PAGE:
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This expensive Thanksgiving is also costing farmers



In addition to rising labor costs, fertilizer and fuel prices have been rising for months, with no roof in sight. He says his profits have dropped between 10% and 15% this year and that 2022 could be worse.

“It goes from the bottom line,” Jones said. “If you double the cost of something, you can’t just double the harvest.”

He US Department of Agriculture says the average cost of dinner increases by 5%, while the American Federation of the Agricultural Office states that the increase can reach 14%. The AFBF’s annual survey shows price increases for most Thanksgiving foods, from potatoes to blueberries, as well as turkeys, which are approaching a record cost.
While USDA data shows that some farmers have seen an increase in the price they receive for their crops, as wheat, in recent months, is not constant throughout the agricultural world. The USDA says many farmers are currently not making more money from their crops. And almost everyone is facing rising costs.

“My price is still the same, or lower,” Jones said of his sweet potatoes.

The farmers’ toll

“Farmers take prices, not manufacturers,” said Patty Edelburg, vice president of the National Farmers Union. “People pay a lot more in stores, but what farmers get has stayed pretty much the same or has become much more volatile … The middleman is really the one who makes the profits.”

In many cases, Edelburg said, the processors and distributors who get food from the farm on store shelves are the ones who are currently passing on their rising costs to consumers. The USDA also confirmed this. Many of these companies face their own supply chain problems, with materials and ingredients still trapped in cargo ships and a shortage of labor and truckers that increase wages and costs.

Most turkey farmers, according to the American Farm Bureau Federation, signed sales contracts for this Thanksgiving Day in the spring, but are now being compressed by the same entry costs as other farmers.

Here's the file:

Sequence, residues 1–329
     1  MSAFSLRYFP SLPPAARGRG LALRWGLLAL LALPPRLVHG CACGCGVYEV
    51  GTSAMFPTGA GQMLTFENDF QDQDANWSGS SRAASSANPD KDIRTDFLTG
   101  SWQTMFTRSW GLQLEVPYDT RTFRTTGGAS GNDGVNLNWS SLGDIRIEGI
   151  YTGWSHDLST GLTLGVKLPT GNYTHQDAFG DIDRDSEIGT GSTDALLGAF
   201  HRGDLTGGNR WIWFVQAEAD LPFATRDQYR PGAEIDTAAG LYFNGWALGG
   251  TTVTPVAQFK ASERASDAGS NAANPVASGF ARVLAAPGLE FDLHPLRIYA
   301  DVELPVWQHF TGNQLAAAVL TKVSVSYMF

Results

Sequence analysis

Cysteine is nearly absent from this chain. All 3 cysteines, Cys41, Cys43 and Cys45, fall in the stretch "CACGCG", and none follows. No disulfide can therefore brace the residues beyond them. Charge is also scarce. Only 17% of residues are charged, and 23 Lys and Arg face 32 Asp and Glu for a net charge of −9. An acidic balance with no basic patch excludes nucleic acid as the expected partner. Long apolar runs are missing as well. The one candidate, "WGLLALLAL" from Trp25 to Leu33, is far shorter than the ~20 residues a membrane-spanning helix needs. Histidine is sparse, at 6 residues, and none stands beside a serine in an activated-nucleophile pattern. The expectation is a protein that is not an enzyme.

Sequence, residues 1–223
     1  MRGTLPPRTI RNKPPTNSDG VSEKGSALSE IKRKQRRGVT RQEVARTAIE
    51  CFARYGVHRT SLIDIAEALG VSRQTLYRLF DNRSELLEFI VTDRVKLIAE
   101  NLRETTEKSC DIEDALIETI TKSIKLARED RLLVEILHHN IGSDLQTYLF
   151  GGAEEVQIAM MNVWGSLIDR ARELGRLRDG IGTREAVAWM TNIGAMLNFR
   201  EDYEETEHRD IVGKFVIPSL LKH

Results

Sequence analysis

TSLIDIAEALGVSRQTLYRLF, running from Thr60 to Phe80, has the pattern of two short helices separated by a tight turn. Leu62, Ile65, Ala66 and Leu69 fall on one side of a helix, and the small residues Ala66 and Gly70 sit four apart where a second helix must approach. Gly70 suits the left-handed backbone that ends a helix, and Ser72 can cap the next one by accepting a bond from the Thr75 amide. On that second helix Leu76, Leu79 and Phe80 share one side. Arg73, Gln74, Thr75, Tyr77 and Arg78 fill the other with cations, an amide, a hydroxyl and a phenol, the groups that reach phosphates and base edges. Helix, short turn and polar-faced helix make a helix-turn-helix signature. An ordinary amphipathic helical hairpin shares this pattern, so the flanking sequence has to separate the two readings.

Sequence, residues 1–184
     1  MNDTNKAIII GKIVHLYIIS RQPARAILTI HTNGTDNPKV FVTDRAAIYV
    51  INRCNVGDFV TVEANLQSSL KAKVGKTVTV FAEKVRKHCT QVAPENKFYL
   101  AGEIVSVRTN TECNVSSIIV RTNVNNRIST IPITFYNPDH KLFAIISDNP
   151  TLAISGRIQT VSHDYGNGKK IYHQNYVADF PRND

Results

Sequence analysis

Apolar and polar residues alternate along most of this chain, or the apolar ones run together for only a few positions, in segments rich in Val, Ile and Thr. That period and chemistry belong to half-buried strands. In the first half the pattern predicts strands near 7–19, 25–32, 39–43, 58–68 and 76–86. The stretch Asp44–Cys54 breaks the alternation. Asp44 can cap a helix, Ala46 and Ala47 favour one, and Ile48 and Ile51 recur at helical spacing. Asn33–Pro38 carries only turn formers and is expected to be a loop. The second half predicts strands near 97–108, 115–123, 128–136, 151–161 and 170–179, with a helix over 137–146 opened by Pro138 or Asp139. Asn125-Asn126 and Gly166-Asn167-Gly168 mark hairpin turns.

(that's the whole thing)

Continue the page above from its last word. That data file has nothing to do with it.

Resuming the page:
“The increase we’ve seen in feed costs, fertilizer costs, transportation and gasoline – the farmer is paying all these increased costs, but they’ve blocked the price they get for their turkeys,” said Veronica Nigh , senior economist. to the American Farm Bureau Federation.

Increased operating costs

“To some extent, we’re also trying to pay for market uncertainty right now,” said Trey Malone, an agricultural economist at Michigan State University. “We are in the midst of a perfect storm of unique events in agricultural production.”

Malone says farmers should prepare for a few more months of higher costs with a wide range of inputs, including pesticides, seeds, fertilizers, fuel and labor. Even farmers who now receive a higher price for their crops, he said, are strained by rising operating costs.

In early November, Purdue University’s Ag Economy Barometer, which surveys U.S. farmers, found that farmers ’sentiment weakened for the third month in a row, reaching its lowest level since the first months of the pandemic, driven largely by rising input prices.

Some farmers are being supplied with expensive materials in case suppliers run out. Others are waiting, waiting for prices to go down.

Supply chain price hikes, in addition to those that have already raised labor prices in recent years, are threatening Matt Alvernaz’s California sweet potato farm. He says the family farm typically earns more than $ 100,000 a year, but this year he could lose between $ 80,000 and $ 120,000. And the costs just go up.

“We could lose a quarter of a million dollars next year,” Alvernaz said. “We wouldn’t have enough cash to take over the next year, for our operating loan to work.”

Farmers are accustomed to volatility, and both Alvernaz and Jones are now looking for ways to adapt, such as downsizing or switching to other crops.

“That will worry you, but I won’t let it fall on us. We’ll survive,” Jones said. “We just have to get a fair price for what we’re growing.”